The Biden administration has restored Obama-era restrictions on water flow rates through shower heads, rescinding changes the Trump administration made to the rule to allow greater consumer choice.
The U.S. Department of Energy (DOE) finalized a rule limiting shower heads to a flow rate of 2.5 gallons per minute (gpm), according to the Federal Register. This restore earlier definitions of the term “shower head” as amended by the Obama administration.
Under the Trump administration the DOE had modified the rule allow for multiple compound heads, each of which was allowed a flow rate of 2.5 gpm, such that, for example, a triple-headed fixture could provide a flow rate of 7.5 gpm. The rule set no total limit on the number of heads or nozzles or total flow.
Different Administrations, Different Rules
In 1992, the DOE implemented flow limits for shower heads limiting flow to 2.5 gpm in order to conserve water.
Following the original 1992 flow-limit rule, shower head manufacturers began producing multi-head fixtures to provide flow rates desired by customers.
The Obama administration closed what it deemed a loophole in the original rule by redefining the term to mean an entire fixture, rather than individual nozzles or heads within a multi-head fixture.
Drawbacks to low-flow shower heads drove consumer discontent, as demonstrated by persistent attempts by manufacturers to circumvent the standards.
Designs that use restrictors to limit pressure, for example, clog more easily than older high-pressure designs, providing poor performance and often requiring frequent replacement. Beyond that, washing and rinsing still requires certain minimum amounts of water and research indicates lowering water flow results in more time required to effectively wash and rinse.
Although some high-end manufacturers’ designs maintain high pressure while reducing flow, resulting in similar performance to pre-restriction shower heads, the less expensive shower heads used in most homes simply require longer showers, defeating the stated purpose of the rule to conserve water.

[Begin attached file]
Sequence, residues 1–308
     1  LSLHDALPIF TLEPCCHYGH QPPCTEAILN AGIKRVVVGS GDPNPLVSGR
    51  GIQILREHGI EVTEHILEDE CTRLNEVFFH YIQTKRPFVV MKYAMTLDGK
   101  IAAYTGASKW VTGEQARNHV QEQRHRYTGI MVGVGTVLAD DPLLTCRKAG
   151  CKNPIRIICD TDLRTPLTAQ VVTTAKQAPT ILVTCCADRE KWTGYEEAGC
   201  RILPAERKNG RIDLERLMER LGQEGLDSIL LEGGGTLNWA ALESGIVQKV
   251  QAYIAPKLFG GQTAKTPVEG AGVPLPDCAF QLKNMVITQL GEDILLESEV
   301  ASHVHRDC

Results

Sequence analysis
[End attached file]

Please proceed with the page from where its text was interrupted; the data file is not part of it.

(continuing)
Experts Oppose Restrictions
Government intervention in such matters as water flow for showers is emblematic of recent federal overreach in which the federal government has increasingly attempted to micromanage minutiae of Americans’ daily lives like water and energy use, says Ben Lieberman, a senior fellow at the Competitive Enterprise Institute.
“Consumers should be able to decide for themselves what kind of showers they buy and use, and do so free from regulatory constraints”, said Lieberman. “People don’t need the government to protect them from too much water in the shower, they can simply turn the knob down.”
The shower head standards are a naked ploy to extend federal regulation into areas of life America’s founders never intended the federal government to have a say in, says Jay Lehr, Ph.D., a senior policy advisor for the International Climate Science Coalition.
“The federal government hates people exercising their free choice in the market and is doing all it can to restrain them,” said Lehr. “During the years the shower head restriction was previously in force, it had no measurable impact on water use, because people found ways to increase water flow or simply took longer showers.”
Kevin Stone (firstname.lastname@example.org) writes from Arlington, Texas